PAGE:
Australia's Gender Pay Gap Statistics

Gender Pay Gap Infographic

About the Gender Pay Gap

The gender pay gap (GPG) is the difference between women’s and men’s average weekly full-time equivalent earnings, expressed as a percentage of men’s earnings. It is a measure of women’s overall position in the paid workforce and does not compare like roles.

The gender pay gap is influenced by a number of factors, including:

  • discrimination and bias in hiring and pay decisions
  • women and men working in different industries and different jobs, with female-dominated industries and jobs attracting lower wages
  • women’s disproportionate share of unpaid caring and domestic work
  • lack of workplace flexibility to accommodate caring and other responsibilities, especially in senior roles
  • women’s greater time out of the workforce impacting career progression and opportunities.

Gender pay gaps are an internationally established measure of women’s position in economy. Directly comparing international gender pay gaps is problematic due to differences in sources, definitions and methods used to calculate the gender pay gap in different countries.

However, it is clear that gender pay gaps in favour of men are a common feature of economies worldwide.

 

Calculating the Gender Pay Gap

Australian gender pay gaps are calculated by the Workplace Gender Equality Agency (WGEA, the Agency). The GPG is derived as the difference between women’s and men’s average weekly full-time equivalent earnings, expressed as a percentage of men’s earnings.

 

Image depicts the formula for calculating the gender pay gap

 

The data used by WGEA for calculating the national gender pay gap is the Australian Bureau of Statistics (ABS) Full-Time Adult Average Weekly Ordinary Time Earnings Trend series from the Australian Weekly Earnings (AWE) survey.* The survey estimates the full-time adult average weekly ordinary time earnings (trend) before tax, excluding factors such as overtime, pay that is salary sacrificed and junior and part-time employees. Trend data is less sensitive to seasonal changes, which can make the data ‘noisy’. Trend data smoothes out the noise and can give a better overview of the long term behavior of the data.**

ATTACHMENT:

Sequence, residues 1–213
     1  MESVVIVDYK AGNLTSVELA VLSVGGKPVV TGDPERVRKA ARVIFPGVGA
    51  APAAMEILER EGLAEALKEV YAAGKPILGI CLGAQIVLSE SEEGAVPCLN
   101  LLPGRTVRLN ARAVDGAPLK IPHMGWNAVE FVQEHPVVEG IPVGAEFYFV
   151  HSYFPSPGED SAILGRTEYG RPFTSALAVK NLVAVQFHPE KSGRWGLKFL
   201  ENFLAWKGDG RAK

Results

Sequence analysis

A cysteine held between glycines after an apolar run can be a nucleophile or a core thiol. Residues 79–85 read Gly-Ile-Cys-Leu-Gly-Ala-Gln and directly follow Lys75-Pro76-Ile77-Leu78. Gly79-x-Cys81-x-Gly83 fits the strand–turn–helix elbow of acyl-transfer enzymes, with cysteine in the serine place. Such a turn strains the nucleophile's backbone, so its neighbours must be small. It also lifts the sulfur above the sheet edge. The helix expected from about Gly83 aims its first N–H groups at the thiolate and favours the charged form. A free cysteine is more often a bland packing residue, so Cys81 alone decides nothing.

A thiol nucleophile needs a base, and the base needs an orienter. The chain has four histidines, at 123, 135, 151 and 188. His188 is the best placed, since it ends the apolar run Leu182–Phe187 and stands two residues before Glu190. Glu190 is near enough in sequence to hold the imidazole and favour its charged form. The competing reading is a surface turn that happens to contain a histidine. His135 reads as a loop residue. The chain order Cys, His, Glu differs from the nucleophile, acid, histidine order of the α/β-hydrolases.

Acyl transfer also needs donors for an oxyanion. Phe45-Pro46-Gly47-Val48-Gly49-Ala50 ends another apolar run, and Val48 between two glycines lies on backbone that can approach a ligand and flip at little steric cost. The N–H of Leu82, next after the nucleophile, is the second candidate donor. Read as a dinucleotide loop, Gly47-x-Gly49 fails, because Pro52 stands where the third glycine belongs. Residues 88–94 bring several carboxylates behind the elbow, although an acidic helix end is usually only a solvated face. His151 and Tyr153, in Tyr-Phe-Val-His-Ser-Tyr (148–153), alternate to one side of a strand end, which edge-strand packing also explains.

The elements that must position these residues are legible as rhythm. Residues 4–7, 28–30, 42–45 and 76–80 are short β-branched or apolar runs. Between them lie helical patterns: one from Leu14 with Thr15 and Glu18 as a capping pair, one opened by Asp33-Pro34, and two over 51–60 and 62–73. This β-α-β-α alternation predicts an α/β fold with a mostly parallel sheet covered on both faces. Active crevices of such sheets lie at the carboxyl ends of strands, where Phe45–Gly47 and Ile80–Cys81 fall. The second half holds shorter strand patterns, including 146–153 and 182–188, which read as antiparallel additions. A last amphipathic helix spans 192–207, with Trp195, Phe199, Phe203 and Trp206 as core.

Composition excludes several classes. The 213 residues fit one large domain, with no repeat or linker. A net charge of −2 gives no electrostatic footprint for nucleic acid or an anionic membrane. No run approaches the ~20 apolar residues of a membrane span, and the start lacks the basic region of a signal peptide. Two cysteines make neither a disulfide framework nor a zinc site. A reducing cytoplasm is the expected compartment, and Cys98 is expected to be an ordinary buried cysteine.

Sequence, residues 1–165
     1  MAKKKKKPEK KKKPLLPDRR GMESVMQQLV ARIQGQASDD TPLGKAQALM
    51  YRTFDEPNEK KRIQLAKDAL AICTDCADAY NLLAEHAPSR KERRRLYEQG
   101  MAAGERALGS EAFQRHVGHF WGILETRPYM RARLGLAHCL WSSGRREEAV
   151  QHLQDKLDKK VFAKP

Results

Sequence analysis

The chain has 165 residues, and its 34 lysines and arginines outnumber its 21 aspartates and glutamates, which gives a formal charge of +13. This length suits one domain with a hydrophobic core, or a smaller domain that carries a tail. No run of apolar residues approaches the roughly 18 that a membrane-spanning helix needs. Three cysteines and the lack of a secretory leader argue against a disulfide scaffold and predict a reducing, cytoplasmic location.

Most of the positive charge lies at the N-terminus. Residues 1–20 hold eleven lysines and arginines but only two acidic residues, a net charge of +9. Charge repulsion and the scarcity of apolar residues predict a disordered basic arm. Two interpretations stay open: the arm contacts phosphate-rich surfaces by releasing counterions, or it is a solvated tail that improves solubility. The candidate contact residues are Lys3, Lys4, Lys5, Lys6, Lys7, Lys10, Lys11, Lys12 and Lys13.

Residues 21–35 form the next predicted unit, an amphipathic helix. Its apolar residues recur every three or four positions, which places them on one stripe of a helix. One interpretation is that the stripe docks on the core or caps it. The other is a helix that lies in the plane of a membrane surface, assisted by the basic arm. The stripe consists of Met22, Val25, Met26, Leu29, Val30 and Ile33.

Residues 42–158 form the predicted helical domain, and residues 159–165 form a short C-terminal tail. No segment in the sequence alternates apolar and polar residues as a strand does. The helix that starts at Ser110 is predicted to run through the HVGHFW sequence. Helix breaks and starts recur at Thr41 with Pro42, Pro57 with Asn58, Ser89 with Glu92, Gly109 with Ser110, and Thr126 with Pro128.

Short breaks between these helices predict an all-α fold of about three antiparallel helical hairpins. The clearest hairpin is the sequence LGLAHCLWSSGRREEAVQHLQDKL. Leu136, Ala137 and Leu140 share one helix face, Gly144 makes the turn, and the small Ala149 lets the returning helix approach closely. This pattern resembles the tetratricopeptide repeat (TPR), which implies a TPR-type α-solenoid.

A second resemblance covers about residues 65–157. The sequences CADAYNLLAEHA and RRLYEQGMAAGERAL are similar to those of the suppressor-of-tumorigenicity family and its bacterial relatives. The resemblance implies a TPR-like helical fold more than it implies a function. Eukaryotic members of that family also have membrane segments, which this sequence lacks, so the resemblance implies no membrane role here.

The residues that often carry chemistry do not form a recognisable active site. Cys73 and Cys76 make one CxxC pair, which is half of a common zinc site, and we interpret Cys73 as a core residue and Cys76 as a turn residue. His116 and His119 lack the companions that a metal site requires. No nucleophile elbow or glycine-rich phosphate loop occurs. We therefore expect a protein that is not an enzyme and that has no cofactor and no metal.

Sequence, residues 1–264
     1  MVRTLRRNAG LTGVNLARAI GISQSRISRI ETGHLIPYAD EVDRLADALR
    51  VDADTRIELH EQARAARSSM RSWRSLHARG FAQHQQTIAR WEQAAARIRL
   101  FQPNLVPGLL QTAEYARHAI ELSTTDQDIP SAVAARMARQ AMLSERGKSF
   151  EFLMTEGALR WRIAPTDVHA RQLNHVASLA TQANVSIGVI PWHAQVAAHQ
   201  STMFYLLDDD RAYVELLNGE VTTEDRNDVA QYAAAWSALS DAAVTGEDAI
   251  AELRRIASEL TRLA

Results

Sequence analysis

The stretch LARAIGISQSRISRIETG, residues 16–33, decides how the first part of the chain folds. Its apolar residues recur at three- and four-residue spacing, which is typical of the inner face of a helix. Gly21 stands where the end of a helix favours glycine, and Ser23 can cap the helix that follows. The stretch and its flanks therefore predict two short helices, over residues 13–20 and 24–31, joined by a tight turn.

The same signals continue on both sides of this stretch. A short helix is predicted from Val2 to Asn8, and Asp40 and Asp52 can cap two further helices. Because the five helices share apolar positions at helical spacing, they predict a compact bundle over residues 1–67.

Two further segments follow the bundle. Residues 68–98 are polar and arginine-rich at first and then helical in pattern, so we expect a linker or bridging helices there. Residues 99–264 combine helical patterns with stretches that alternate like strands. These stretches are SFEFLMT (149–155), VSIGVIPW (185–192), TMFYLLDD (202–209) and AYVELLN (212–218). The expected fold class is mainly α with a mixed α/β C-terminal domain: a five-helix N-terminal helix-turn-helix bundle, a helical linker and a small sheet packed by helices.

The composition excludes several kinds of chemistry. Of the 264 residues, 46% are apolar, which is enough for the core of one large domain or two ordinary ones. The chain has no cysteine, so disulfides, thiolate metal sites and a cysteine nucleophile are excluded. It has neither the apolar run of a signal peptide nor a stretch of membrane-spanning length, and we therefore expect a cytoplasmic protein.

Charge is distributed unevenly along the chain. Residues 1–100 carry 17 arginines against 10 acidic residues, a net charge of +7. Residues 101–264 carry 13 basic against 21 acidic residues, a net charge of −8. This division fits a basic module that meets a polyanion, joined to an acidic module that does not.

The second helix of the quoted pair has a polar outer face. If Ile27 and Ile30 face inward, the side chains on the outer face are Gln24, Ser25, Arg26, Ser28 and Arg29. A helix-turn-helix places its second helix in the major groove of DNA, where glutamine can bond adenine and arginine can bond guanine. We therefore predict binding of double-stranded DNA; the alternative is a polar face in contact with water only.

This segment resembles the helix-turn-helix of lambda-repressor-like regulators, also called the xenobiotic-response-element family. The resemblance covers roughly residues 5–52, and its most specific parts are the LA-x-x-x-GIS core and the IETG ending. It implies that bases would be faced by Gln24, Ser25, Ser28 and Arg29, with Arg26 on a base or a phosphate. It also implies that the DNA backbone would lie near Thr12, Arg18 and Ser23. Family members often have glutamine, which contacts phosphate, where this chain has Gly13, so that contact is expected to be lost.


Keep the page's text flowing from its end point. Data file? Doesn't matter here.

Data is also sourced from the ABS Employee Earnings and Hours employer survey*** (age group and method of setting pay) and from the Agency’s own gender pay gap data (occupation and overall).**** Gender pay gap calculations derived from each of these data sources vary due to differences in timing and scope, and reflect different gender equality issues.

ABS and WGEA data both show a gender pay gap favouring full-time working men over full-time working women in every industry and occupational category in Australia.

 

 

* ABS (2019), Average Weekly Earnings, November 2018, cat. no. 6302.0, viewed 20 February 2019, http://www.abs.gov.au/ausstats/abs@.nsf/mf/6302.0

** ABS (2012), Interpreting Time Series: Are you being misled by the Seasons, 2012, viewed 20 February 2019, http://www.abs.gov.au/AUSSTATS/abs@.nsf/Lookup/1346.0.55.003Main+Features202012